July 21, 2018
In the UK previous week, the Information Commissioner’s Office (ICO) hit social media platform Facebook with a, comparatively, small but symbolic penalty in relation to the Cambridge Analytica date safety law breaks which concerned millions of users’ data being wrongly retrieved by the consultancy company.
The fine applied was UK£500,000, the maximum possible fine that might have been allowed before the May 25 launch date of the EU’s General Data Protection Regulation legislation. As per the new rules the penalty might have up to a maximum of UK£20 million or 4% of yearly international income, whichever figure is higher.
ICO issued a statement that said: “The ICO’s inquiry determined that Facebook broke the rule by failing to protect people’s information. It also found that the business failed to be transparent concerning how people’s information was picked by others”. Information Commissioner Elizabeth Denham was extremely disapproving of that indifference that Facebook demonstrated for data protection law in not safeguarding the confidential information of people and had not been clear regarding how data was collected by other platform users.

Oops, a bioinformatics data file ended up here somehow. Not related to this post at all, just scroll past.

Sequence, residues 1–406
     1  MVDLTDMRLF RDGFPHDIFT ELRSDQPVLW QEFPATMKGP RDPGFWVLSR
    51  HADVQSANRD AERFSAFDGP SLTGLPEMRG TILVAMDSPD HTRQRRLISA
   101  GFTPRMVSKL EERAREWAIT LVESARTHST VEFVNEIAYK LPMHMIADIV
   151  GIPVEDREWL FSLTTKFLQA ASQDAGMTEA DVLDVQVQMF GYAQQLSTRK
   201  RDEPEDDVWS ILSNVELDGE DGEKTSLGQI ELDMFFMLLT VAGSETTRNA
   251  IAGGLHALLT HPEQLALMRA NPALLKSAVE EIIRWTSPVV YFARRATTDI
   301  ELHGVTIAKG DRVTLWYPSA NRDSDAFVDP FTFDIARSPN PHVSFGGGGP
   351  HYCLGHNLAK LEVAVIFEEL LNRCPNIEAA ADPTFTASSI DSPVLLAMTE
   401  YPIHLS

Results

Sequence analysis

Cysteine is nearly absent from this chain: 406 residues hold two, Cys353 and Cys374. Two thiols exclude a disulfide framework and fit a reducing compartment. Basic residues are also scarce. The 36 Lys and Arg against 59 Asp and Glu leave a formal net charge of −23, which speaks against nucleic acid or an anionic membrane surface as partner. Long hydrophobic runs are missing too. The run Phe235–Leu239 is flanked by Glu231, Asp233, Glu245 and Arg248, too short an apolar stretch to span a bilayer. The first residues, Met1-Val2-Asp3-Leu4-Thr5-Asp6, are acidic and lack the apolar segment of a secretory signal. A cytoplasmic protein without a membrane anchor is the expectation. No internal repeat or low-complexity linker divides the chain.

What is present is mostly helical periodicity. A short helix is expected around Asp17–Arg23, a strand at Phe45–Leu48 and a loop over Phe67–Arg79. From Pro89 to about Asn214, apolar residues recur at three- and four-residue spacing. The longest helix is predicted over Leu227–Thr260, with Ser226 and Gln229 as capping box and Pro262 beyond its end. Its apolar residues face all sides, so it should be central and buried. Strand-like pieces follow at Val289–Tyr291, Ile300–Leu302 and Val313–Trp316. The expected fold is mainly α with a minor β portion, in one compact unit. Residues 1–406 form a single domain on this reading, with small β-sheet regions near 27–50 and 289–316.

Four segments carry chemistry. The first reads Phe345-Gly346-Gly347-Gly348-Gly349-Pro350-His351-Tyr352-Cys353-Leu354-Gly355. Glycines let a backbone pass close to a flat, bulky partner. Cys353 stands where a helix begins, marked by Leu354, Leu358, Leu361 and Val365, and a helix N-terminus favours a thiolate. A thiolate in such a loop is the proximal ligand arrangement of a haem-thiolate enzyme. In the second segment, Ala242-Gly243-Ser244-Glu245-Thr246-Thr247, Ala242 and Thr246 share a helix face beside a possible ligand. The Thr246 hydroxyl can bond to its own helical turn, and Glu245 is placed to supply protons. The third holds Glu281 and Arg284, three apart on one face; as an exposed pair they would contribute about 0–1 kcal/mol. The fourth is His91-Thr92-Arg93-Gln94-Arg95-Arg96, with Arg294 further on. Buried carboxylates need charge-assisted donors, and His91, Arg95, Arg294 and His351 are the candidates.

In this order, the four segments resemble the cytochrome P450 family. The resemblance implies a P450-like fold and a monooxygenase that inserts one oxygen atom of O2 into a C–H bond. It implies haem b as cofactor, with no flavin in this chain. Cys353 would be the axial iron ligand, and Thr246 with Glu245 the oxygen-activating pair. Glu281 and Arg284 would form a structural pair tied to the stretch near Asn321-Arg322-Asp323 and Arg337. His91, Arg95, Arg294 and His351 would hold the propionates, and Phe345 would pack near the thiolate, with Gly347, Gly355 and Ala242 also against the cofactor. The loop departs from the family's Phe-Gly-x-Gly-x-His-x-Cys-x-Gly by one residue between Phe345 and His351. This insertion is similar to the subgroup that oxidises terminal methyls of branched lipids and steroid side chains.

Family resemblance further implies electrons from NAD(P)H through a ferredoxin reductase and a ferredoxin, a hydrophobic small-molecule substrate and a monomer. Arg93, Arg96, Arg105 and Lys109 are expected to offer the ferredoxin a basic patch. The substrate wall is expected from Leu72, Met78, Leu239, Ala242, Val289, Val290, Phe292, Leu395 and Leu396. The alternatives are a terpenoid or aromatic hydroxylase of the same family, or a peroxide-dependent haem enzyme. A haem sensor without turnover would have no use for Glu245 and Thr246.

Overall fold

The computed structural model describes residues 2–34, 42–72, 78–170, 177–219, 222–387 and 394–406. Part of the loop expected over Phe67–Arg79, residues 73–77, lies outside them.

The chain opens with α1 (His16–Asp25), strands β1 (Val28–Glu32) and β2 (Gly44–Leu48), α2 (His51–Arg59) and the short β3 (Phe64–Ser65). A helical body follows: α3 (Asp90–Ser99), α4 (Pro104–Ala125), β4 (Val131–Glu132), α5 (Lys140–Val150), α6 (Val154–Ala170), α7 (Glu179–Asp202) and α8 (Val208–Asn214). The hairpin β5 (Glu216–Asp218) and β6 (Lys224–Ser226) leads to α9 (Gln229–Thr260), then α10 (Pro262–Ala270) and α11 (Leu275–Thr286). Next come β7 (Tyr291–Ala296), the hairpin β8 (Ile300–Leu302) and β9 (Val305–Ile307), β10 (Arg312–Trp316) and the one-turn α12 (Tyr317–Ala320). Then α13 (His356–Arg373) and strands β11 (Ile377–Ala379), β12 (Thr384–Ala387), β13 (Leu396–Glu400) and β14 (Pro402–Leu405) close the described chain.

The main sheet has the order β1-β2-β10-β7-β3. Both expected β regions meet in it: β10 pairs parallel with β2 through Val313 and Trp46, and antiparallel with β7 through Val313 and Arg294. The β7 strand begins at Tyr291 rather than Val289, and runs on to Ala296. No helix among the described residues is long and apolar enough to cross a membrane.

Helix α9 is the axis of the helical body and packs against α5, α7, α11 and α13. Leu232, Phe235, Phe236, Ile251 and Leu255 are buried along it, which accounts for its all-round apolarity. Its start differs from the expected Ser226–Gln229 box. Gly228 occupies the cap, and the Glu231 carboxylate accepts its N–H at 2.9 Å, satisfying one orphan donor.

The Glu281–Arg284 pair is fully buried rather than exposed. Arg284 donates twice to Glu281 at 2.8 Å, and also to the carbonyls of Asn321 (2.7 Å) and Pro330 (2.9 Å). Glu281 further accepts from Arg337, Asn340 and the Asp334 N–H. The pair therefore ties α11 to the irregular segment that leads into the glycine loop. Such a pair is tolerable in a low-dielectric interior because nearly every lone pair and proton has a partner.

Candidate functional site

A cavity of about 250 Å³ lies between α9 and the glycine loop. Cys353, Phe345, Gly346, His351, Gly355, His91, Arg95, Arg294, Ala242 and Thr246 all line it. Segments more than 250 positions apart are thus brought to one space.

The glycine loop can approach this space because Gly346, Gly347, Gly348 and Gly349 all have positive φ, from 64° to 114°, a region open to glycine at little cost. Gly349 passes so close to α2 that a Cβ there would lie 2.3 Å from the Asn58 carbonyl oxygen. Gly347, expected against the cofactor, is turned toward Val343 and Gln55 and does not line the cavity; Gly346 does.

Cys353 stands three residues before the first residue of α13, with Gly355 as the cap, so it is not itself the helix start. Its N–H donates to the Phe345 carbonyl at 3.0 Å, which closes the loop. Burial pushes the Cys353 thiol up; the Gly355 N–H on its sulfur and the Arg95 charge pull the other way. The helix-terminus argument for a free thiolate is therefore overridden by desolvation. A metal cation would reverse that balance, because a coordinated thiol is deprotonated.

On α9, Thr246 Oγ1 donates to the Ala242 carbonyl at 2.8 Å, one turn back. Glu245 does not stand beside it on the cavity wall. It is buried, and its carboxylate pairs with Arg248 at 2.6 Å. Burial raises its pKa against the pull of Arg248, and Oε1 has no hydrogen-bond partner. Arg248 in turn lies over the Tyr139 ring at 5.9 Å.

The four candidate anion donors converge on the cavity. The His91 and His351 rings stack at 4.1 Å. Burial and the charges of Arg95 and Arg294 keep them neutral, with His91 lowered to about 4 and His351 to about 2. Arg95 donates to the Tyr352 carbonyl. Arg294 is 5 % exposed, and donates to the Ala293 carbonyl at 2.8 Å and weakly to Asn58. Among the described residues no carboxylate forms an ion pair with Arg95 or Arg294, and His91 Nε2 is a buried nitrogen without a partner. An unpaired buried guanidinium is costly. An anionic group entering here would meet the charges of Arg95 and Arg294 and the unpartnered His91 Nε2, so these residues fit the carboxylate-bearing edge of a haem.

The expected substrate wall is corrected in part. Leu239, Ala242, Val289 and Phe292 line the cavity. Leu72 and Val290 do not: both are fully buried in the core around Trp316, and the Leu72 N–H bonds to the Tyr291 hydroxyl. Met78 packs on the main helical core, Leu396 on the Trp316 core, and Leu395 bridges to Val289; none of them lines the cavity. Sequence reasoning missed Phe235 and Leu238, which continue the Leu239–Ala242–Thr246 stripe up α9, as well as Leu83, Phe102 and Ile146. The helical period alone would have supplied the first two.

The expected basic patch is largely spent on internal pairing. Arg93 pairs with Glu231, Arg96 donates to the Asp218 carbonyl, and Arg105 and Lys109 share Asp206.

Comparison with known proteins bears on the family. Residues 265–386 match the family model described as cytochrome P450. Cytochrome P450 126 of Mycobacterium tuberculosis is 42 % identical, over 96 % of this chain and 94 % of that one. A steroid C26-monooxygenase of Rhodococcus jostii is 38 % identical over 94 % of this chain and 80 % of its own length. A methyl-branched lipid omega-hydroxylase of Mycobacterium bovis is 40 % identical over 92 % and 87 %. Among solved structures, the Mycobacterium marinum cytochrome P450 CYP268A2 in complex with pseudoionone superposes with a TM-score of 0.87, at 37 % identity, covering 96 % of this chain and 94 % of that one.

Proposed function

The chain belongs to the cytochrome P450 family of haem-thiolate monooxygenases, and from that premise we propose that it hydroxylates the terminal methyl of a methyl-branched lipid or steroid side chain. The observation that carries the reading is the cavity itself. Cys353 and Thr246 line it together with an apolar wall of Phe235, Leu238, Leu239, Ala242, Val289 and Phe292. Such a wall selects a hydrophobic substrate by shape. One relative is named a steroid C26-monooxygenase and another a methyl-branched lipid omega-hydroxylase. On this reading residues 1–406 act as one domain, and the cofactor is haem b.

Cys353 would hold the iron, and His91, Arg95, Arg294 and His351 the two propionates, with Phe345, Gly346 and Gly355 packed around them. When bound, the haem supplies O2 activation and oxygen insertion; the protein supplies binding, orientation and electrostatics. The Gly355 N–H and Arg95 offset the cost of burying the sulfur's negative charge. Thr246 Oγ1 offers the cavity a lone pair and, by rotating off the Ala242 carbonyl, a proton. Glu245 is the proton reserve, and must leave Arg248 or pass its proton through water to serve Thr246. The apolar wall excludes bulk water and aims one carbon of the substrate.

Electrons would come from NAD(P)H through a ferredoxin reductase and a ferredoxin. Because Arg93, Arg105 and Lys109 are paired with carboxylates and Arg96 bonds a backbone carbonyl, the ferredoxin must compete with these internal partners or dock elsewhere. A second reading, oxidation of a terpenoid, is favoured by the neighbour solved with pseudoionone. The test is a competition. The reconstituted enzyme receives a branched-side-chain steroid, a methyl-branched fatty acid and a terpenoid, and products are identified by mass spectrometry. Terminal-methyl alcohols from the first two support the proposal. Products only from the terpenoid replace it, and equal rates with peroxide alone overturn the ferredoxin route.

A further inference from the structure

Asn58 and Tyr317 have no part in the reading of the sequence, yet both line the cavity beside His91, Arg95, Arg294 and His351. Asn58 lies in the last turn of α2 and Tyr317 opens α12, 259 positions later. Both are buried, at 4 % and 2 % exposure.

In the course of the inquiry, Facebook Chief Executive Officer Mark Zuckerburg faced queries as to how the political consultancy managed to be in custody of the private data of 87 million Facebook users. Facebook replied to the fine through an electronic mail from Facebook main secrecy officer Erin Egan which read: “As we have said earlier, we must have done more to scrutinize claims regarding Cambridge Analytica and take action in 2015. We have been working intimately with the ICO in their inquiry of Cambridge Analytica, as we have with authorities in the US and other nations. We’re studying the report and will reply to the ICO soon.”
Damian Collins British MP, the president of the Digital, Culture, Media and Sport, Committee that has been probing Cambridge Analytica, said: “Provided that the ICO is saying that Facebook violated the rule, it is necessary that we now know which other apps that ran on their platform might have scraped data similarly. This can’t be left to a clandestine internal inquiry at Facebook. If other developers violated the law we have a right to know, and the users whose data might have been undermined in this way must be informed.
“Facebook users will be rightly worried that the firm left their data far too susceptible to being gathered without their approval by developers working on behalf of firms like Cambridge Analytica. The number of Facebook users affected by this type of data scraping might be far greater than has presently been accepted. Facebook must now make the outcomes of their internal inquiries known to the ICO, our committee, and other related investigatory authorities.”